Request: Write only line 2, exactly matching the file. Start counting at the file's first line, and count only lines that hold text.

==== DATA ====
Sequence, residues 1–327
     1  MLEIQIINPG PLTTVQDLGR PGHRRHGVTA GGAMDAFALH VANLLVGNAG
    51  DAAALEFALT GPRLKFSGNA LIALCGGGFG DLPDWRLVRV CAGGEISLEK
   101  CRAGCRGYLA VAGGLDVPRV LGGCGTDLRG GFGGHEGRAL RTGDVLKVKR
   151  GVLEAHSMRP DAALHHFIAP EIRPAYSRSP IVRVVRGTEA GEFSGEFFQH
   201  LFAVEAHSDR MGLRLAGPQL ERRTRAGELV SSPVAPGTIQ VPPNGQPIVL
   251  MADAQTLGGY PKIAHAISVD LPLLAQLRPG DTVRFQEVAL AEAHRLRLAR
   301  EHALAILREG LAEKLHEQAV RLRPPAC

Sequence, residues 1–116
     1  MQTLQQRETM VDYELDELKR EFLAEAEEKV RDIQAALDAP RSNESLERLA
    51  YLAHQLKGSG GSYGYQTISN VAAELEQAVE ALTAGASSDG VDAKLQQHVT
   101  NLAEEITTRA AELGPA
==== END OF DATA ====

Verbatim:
     1  MLEIQIINPG PLTTVQDLGR PGHRRHGVTA GGAMDAFALH VANLLVGNAG